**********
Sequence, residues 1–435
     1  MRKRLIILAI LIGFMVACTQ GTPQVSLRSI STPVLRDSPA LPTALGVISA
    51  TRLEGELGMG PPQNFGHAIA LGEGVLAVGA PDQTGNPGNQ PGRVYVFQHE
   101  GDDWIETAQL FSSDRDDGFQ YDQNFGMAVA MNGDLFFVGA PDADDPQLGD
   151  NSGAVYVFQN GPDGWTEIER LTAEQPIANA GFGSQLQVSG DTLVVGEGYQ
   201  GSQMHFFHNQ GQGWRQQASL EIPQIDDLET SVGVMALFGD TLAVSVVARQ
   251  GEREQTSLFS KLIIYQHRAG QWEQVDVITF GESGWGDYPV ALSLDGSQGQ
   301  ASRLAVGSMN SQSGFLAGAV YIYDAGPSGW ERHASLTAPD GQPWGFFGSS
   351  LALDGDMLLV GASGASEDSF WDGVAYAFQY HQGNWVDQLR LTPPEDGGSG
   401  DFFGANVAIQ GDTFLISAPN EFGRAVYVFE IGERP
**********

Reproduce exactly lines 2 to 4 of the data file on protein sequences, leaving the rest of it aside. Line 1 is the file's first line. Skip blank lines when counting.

     1  MRKRLIILAI LIGFMVACTQ GTPQVSLRSI STPVLRDSPA LPTALGVISA
    51  TRLEGELGMG PPQNFGHAIA LGEGVLAVGA PDQTGNPGNQ PGRVYVFQHE
   101  GDDWIETAQL FSSDRDDGFQ YDQNFGMAVA MNGDLFFVGA PDADDPQLGD